Key events of 1988

January

3 – Margaret Thatcher becomes the longest serving British prime minister this century, having been in power for eight years and 244 days

4 – Sir Robin Butler replaces Sir Robert Armstrong as Cabinet Secretary, on the same day that Margaret Thatcher makes her first state visit to Africa

7 – Labour Party leader Neil Kinnock calls for a further £1.3 billion to made available for the National Health Service

9 – One of the worst incidents of football hooliganism this season sees 41 suspected hooligans arrested at the FA Cup third round tie between Arsenal and Millwall

22 – Colin Pitchfork is sentenced to life imprisonment after admitting the rape and murder of two girls in Leicestershire in 1983 and 1986, the first conviction for murder in the UK based on DNA fingerprinting evidence

24 – Arthur Scargill is re-elected as leader of the National Union of Mineworkers

28 – The Birmingham Six lose an appeal against their convictions

February

3 – Nurses throughout the UK strike for higher pay and more cash for the National Health Service

4 – Nearly 7,000 ferry workers go on strike in Britain, paralysing the nation’s seaports

5 – The first BBC Red Nose Day raises £15 million for charity

16 – Thousands of nurses and co-workers form picket lines outside British hospitals as they go on strike in protest against what they see as inadequate NHS funding

March

6 – Operation Flavius: A Special Air Service team of the British Army shoots dead three unarmed members of a Provisional Irish Republican Army (IRA) Active Service Unit in Gibraltar

7 – Margaret Thatcher announces a £3 billion regeneration scheme to improve a series of inner city areas by the year 2000

16 – Milltown Cemetery attack: Three men are killed and 70 are wounded in a gun and grenade attack by loyalist paramilitary Michael Stone on mourners at Milltown Cemetery in Belfast during the funerals of the three IRA members killed in Gibraltar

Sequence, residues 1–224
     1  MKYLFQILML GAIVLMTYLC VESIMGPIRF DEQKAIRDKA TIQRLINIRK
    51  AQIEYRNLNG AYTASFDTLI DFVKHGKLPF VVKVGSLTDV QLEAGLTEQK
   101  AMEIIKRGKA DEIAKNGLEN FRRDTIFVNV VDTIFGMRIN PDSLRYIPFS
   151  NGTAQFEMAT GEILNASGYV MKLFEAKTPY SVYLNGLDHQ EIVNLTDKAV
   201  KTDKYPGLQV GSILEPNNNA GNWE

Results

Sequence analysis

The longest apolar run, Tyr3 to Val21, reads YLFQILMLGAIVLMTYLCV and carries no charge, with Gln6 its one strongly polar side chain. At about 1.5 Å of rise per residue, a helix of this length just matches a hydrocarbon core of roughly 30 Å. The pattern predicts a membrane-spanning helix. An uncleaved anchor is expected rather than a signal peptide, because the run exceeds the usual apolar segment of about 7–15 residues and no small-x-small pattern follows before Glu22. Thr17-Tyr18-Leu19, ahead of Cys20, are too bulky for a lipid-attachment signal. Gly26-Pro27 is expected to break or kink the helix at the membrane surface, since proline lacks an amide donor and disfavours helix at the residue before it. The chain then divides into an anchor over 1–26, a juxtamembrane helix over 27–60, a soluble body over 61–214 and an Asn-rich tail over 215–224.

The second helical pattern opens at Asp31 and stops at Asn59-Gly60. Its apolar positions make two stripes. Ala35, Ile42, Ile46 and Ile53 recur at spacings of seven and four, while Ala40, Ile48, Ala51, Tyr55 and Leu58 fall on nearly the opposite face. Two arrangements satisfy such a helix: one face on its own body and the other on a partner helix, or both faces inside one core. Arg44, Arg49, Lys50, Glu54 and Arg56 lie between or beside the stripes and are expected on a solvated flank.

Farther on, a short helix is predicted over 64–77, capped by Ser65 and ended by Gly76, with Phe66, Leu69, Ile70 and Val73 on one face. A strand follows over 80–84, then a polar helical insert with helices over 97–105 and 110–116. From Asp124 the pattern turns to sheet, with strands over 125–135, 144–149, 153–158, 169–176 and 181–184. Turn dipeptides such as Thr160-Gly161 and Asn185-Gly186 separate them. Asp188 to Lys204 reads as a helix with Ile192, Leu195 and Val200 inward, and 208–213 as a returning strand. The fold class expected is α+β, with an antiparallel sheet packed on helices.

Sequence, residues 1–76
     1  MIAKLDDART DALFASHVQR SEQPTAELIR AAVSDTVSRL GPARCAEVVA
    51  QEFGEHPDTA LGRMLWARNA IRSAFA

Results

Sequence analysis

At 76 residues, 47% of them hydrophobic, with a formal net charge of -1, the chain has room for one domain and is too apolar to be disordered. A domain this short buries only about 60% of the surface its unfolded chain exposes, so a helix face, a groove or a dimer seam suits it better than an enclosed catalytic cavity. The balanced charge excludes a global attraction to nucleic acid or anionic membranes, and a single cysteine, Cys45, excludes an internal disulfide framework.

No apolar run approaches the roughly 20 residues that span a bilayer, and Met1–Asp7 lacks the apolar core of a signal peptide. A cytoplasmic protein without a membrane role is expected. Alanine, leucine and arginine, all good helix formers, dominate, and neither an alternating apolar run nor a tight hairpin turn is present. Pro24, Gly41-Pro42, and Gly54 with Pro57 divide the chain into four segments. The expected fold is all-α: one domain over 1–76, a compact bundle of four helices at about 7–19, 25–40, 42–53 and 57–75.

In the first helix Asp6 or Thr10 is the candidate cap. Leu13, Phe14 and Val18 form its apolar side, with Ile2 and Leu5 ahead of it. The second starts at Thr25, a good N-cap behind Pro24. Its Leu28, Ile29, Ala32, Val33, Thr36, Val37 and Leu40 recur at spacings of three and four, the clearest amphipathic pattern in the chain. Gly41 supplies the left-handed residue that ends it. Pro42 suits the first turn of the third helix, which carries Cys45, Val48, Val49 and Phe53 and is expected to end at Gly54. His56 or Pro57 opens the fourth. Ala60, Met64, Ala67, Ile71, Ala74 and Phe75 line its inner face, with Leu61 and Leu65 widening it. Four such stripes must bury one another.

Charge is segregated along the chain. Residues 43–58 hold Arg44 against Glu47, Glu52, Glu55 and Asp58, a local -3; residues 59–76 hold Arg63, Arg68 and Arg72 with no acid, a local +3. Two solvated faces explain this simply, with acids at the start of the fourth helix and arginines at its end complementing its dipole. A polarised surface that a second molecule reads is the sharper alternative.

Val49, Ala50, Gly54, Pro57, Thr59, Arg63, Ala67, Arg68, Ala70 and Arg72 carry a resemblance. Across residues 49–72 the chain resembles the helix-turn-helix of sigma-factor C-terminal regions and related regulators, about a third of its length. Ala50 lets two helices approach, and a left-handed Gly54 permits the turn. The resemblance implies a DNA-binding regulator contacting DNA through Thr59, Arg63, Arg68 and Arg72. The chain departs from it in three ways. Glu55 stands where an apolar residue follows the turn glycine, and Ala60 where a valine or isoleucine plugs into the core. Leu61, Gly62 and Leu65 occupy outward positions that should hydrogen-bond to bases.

19 – Corporals killings in Belfast: British Army corporals Woods and Howes are abducted, beaten and shot dead by Irish republicans after driving into the funeral cortege of IRA members killed in the Milltown Cemetery attack

April

21 – The Government announces that nurses will receive a 15% pay rise, at a cost of £794 million which will be funded by the Treasury

May

The first 16-year-olds sit General Certificate of Secondary Education examinations, replacing both the O-level and CSE

2 – Three off-duty British servicemen are killed in The Netherlands by the IRA

24 – Local Government Act becomes law. The controversial Section 28 prevents local authorities from “promoting homosexuality”

June

2 – US President Ronald Reagan makes a visit to Britain

11 – Some 80,000 people attend a concert at Wembley Stadium in honour of Nelson Mandela, the South African anti-apartheid campaigner who turned 70 on that day and has been in prison since 1964

15 – Five British soldiers are killed by the IRA in Lisburn

16 – More than 100 English football fans are arrested in West Germany in connection with incidents of football hooliganism during the European Championships

July

28 – Paddy Ashdown an ex-Royal Marine commando is elected leader of the Social Democrats and Liberal Democrats

August

1 – A British Army soldier is killed by IRA terrorists at Inglis Barracks in North London

September

30 – A Gibraltar jury decides that the 3 IRA members killed on 6 March were killed “lawfully”

October

12 – As Pope John Paul II addresses the European Parliament, Ian Paisley heckles and denounces him as the Antichrist

13 – The House of Lords rules that extracts of the banned book Spycatcher can be published in the media

27 – Three IRA supporters are found guilty of conspiracy to murder in connection with a plot to kill Secretary of State for Northern Ireland Tom King

November

4 – Margaret Thatcher presses for freedom for the people of Poland on her visit to Gdańsk

9 – The Government unveils plans for a new identity card scheme in an attempt to clamp down on football hooliganism

30 – A government report reveals that up to 50,000 people in Britain may be HIV positive, and that by the end of 1992 up to 17,000 people may have died from AIDS

December

3 – Health minister Edwina Currie provokes outrage by stating that most of Britain’s egg production is infected with the salmonella bacteria, causing an immediate nationwide fall in egg sales

12 – 35 people are killed in a collision between three trains at Clapham in London

16 – Edwina Currie resigns as Health minister

21 – Pan Am Flight 103 explodes over the Scottish town of Lockerbie, Dumfries and Galloway killing a total of 270 people – 11 on the ground and all 259 who were on board. It is believed that the cause of the explosion was a terrorist bomb